Miami High School
|Miami Senior High School|
|2450 SW 1st Street
Miami, Florida 33135
|School type||Public, high school|
|Motto||Non verbis sed operis (Not by words, but deeds)|
|School district||Miami-Dade County Public Schools|
|Color(s)||Blue and gold|
|Mascot||"Whippy" the Stingaree|
Miami Senior High School
|Area||19 acres (7.7 ha)|
|Architect||Kiehnel and Elliott|
|Architectural style||Late 19th- and 20th-century revivals, Mediterranean Revival with Moorish elements|
|NRHP Reference #||90000881|
|Added to NRHP||June 18, 1990|
Miami Senior High School is a public high school located at 2450 SW 1st Street in Miami, Florida, United States, and operated by Miami-Dade County Public Schools. Founded in 1903, it is the oldest high school in Miami-Dade County. The school building is famous for its architecture and is a historic landmark. Miami Senior High School has a rich alumni base, with many graduates of the high school going on to varied, prominent careers. The high school originally served the earliest settling families of Miami in the first half of the 20th century. By the late 1960s, with an increase in Miami's population, its student body grew at a fast pace.
Miami Senior High School was established in 1902 and was the first high school in Miami-Dade County. Originally, high school classes took place in Miami's first schoolhouse, a two-story frame structure that was built in 1898 on what is now NE 1st Avenue, between 3rd and 4th Streets. This building, considered temporary, was a one-story frame bungalow addition built directly behind the existing schoolhouse. It opened its doors on September 18, 1905, with 29 girls and 20 boys in attendance.
In 1909, the school board decided to build a new schoolhouse to again house all grammar and high school students together. In 1911, a new three-story concrete schoolhouse opened its doors. The original one-story high school building was moved to SW 12th Street and 1st Avenue, repainted, and opened as the Southside Elementary School. After a new Southside Elementary School was constructed in 1914, the original high school building fell into decades of neglect, operating as a boarding house for 90 years. It was "discovered" in 1983 by a local historian and, in January 2003, was moved to its current location in Southside Park, where it has since been renovated and opened as a community center.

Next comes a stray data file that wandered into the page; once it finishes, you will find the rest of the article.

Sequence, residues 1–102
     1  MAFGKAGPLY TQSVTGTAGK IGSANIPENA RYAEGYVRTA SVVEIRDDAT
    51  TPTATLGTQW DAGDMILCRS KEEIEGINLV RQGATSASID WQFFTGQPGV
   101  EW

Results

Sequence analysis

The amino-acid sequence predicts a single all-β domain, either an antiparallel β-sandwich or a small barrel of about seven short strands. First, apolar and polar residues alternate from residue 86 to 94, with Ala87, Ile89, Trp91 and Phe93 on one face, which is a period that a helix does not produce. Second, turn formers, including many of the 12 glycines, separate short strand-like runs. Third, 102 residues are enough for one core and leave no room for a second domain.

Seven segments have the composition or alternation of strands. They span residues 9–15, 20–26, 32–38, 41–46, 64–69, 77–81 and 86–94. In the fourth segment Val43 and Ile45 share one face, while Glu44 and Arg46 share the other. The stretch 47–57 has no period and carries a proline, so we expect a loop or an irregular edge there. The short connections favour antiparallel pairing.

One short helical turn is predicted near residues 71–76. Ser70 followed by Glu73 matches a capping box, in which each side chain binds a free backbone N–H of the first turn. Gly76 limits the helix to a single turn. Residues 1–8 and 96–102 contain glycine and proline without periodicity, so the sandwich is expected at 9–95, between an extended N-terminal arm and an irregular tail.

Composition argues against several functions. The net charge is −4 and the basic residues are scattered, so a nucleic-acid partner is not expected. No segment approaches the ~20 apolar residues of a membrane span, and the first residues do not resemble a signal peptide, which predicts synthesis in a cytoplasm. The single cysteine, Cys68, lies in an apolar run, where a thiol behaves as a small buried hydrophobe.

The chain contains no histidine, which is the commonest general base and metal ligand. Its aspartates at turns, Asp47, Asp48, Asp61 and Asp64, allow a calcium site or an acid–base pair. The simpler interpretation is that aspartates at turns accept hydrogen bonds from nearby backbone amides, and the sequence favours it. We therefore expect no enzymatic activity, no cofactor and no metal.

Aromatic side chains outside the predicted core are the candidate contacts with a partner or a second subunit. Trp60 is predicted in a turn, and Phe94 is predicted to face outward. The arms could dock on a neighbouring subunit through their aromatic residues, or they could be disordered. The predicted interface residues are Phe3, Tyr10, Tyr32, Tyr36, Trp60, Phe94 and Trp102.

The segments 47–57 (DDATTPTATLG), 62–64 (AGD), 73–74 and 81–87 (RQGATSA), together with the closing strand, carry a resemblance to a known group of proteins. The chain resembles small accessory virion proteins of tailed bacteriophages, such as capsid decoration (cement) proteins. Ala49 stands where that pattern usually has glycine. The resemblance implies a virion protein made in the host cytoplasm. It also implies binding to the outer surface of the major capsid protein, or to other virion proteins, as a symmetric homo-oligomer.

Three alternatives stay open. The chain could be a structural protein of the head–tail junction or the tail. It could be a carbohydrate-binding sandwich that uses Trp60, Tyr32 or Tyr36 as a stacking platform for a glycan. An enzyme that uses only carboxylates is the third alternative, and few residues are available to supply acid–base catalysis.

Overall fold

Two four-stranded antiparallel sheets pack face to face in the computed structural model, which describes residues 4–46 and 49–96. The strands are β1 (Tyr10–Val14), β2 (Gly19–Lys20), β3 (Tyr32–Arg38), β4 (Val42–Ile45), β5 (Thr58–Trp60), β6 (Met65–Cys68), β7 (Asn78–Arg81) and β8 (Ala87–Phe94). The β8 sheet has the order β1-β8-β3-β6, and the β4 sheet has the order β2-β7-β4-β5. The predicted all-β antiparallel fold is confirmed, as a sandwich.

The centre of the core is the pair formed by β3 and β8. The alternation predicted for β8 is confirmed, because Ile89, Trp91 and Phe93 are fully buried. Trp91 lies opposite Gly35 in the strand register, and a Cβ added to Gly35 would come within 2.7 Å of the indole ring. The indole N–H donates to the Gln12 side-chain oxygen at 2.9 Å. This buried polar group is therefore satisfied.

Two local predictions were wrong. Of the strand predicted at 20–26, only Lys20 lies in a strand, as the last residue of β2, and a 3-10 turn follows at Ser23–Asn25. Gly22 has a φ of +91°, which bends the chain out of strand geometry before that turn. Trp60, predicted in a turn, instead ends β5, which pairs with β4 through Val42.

Miami High School's current building is its fourth home. The school board selected a fifteen-acre campus in the middle of what was then a pine forest. Groundbreaking occurred early in 1926, but due to the Great Miami Hurricane of 1926, the school's opening was delayed. Finally finished in 1928, the building was designed in a Spanish Mediterranean style with Moorish and Byzantine details by Richard Kiehnel of Kiehnel and Elliott, one of the great early Miami architects. He gave the school an impressive entrance off Flagler Street "of three arched portals befitting a Gothic cathedral," according to the American Institute of Architects' Miami architecture guide. The building is listed on the U.S. National Register of Historic Places.
1968 was a significant year for Miami High School. Structural changes were made to accommodate a newly installed air conditioning system that closed off the building's high ceilings. The original windows on the building were sealed with bricks before the completion of the work, and students suffered in hot classrooms for a large portion of the year. This was also the year of the major Florida statewide teachers' strike, which caused students classes to be in chaos due to having many newly hired substitute teachers, while their regular teachers walked picket lines for weeks.
Located in the Little Havana neighborhood, the school was founded in 1902 for whites. Since the late 1960s, the high school has traditionally had a Cuban-American majority. Today, a growing number of students are of Central American descent, reflecting demographic changes in Little Havana since the 1990s.
By the 1950s a large Jewish minority had developed at Miami High, and Jews made up the majority of the students in some advanced-level classes. During that decade some Jewish students were in the attendance zone for Coral Gables High School but were instead sent to Miami High; this was especially the case with girls, as many high status girls' clubs at Coral Gables High did not admit Jews. A patio called "Little Jerusalem" or "LJ" (initially "Little Israel" in the 1950s) was where Jewish students socialized.
69% of the school's students graduate, and it has an overall dropout rate of 4%.